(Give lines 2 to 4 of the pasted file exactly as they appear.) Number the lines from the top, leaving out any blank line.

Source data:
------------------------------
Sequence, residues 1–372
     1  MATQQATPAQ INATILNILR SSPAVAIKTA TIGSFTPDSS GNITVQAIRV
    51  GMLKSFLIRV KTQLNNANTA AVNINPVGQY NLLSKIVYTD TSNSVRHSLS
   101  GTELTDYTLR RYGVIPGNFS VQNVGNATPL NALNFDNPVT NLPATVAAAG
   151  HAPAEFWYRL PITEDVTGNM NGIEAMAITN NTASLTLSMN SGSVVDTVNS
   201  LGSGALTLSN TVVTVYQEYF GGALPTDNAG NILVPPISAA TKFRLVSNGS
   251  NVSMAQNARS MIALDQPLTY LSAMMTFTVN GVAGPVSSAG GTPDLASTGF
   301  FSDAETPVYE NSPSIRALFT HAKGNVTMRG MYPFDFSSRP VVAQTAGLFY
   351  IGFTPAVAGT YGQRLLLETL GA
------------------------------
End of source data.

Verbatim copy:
     1  MATQQATPAQ INATILNILR SSPAVAIKTA TIGSFTPDSS GNITVQAIRV
    51  GMLKSFLIRV KTQLNNANTA AVNINPVGQY NLLSKIVYTD TSNSVRHSLS
   101  GTELTDYTLR RYGVIPGNFS VQNVGNATPL NALNFDNPVT NLPATVAAAG